From airplane wings to overhead powerlines to the giant blades of wind turbines, a buildup of ice can cause problems ranging from impaired performance all the way to catastrophic failure. But preventing that buildup usually requires energy-intensive heating systems or chemical sprays that are environmentally harmful. Now, MIT researchers have developed a completely passive, solar-powered way of combating ice buildup.
The system is remarkably simple, based on a three-layered material that can be applied or even sprayed onto the surfaces to be treated. It collects solar radiation, converts it to heat, and spreads that heat around so that the melting is not just confined to the areas exposed directly to the sunlight. And, once applied, it requires no further action or power source. It can even do its de-icing work at night, using artificial lighting.
The new system is described today in the journal Science Advances, in a paper by MIT associate professor of mechanical engineering Kripa Varanasi and postdocs Susmita Dash and Jolet de Ruiter.
“Icing is a major problem for aircraft, for wind turbines, power lines, offshore oil platforms, and many other places,” Varanasi says. “The conventional ways of getting around it are de-icing sprays or by heating, but those have issues.”
Inspired by the sun
The usual de-icing sprays for aircraft and other applications use ethylene glycol, a chemical that is environmentally unfriendly. Airlines don’t like to use active heating, both for cost and safety reasons. Varanasi and other researchers have investigated the use of superhydrophobic surfaces to prevent icing passively, but those coatings can be impaired by frost formation, which tends to fill the microscopic textures that give the surface its ice-shedding properties.
As an alternate line of inquiry, Varanasi and his team considered the energy given off by the sun. They wanted to see, he says, whether “there is a way to capture that heat and use it in a passive approach.” They found that there was.
It’s not necessary to produce enough heat to melt the bulk of the ice that forms, the team found. All that’s needed is for the boundary layer, right where the ice meets the surface, to melt enough to create a thin layer of water, which will make the surface slippery enough so any ice will just slide right off. This is what the team has achieved with the three-layered material they’ve developed.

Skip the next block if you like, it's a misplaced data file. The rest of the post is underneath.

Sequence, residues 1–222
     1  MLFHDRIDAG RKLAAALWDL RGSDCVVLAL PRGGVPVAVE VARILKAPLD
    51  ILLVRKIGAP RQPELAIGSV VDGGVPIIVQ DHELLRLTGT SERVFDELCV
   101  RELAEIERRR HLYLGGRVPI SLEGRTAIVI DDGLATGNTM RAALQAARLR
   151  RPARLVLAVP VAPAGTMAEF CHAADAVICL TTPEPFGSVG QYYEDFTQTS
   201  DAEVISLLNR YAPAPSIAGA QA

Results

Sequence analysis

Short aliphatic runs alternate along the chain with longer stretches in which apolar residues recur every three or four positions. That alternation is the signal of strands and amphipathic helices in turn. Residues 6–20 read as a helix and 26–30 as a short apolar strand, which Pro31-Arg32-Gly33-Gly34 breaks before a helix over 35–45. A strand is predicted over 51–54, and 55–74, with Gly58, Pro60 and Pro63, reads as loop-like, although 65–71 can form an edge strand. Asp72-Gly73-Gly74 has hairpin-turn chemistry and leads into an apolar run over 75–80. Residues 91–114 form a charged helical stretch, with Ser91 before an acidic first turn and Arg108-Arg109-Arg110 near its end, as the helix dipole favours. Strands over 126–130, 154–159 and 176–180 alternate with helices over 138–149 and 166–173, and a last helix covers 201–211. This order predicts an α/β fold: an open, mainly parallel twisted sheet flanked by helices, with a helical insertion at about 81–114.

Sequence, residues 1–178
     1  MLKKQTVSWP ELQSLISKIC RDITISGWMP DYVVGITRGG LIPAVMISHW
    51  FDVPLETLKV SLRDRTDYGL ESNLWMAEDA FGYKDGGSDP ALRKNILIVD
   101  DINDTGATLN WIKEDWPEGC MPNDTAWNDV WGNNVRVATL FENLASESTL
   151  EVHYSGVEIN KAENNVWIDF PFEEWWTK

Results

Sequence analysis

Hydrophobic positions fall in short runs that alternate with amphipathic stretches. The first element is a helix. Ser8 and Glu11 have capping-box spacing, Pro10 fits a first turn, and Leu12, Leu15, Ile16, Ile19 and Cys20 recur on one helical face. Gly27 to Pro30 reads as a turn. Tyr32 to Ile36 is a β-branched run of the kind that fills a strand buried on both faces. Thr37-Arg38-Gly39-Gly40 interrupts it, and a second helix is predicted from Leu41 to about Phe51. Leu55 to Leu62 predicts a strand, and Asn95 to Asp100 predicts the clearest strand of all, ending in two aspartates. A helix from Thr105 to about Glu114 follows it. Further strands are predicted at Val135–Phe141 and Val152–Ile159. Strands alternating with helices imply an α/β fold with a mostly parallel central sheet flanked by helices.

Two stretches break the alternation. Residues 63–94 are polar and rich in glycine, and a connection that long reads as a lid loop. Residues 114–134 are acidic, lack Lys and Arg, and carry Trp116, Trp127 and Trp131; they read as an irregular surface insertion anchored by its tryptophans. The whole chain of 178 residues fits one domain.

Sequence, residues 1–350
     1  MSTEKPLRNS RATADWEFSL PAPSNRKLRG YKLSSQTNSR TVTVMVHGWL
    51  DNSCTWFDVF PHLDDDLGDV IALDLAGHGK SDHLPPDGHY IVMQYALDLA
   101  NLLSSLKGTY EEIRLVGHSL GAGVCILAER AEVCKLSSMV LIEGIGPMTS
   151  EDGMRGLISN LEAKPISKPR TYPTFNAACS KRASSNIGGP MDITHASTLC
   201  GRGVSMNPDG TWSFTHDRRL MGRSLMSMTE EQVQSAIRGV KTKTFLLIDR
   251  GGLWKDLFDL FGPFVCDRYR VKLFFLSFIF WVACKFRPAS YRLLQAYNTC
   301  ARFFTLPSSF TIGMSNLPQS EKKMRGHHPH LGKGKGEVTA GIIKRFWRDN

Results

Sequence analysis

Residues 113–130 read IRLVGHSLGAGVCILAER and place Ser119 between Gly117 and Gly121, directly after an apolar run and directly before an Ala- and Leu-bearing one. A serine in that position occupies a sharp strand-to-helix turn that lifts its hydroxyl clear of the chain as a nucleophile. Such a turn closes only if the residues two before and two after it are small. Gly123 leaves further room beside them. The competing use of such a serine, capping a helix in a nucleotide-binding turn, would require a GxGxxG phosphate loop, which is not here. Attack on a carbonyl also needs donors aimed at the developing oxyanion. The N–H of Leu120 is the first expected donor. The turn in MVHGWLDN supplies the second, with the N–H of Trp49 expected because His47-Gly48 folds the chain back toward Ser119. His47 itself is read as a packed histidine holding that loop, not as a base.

Layer by layer
The top layer is an absorber, which traps incoming sunlight and converts it to heat. The material the team used is highly efficient, absorbing 95 percent of the incident sunlight, and losing only 3 percent to re-radiation, Varanasi says.
In principle, that layer could in itself help to prevent frost formation, but with two limitations: It would only work in the areas directly in sunlight, and much of the heat would be lost back into the substrate material — the airplane wing or powerline, for example — and would not help with the de-icing.
So, to compensate for the localization, the team added a spreader layer — a very thin layer of aluminum, just 400 micrometers thick, which is heated by the absorber layer above it and very efficiently spreads that heat out laterally to cover the entire surface. The material was selected to have “thermal response that is fast enough so that the heating takes place faster than the freezing,” Varanasi says.
Finally, the bottom layer is simply foam insulation, to keep any of that heat from being wasted downward and keep it where it’s needed, at the surface.
“In addition to passive de-icing, the photothermal trap stays at an elevated temperature, thus preventing ice build-up altogether,” Dash says.
The three layers, all made of inexpensive commercially available material, are then bonded together, and can be bonded to the surface that needs to be protected. For some applications, the materials could instead be sprayed onto a surface, one layer at a time, the researchers say.
The team carried out extensive tests, including real-world outdoor testing of the materials and detailed laboratory measurements, to prove the effectiveness of the system.
“The use of photothermal absorbers is a smart idea and straightforward to implement,” says Manish Tiwari, a professor of nanoengineering at University College London, who was not associated with this research. “Scalability of these approaches and thinking about appropriate packaging, specific weight, etc., of the de-icing layer are important practical challenges going ahead, especially when it comes to the aerospace application. The paper also opens up intriguing possibilities around smart and flexible thermal packaging, and thermal metamaterials research to realize its full potential. Overall, an excellent step forward,” he says.
The system could find even wider commercial uses, such as panels to prevent icing on roofs of homes, schools, and other buildings, Varanasi adds. The team is planning to continue work on the system, testing it for longevity and for optimal methods of application. But the basic system could essentially be applied almost immediately for some uses, especially stationary applications, he says.
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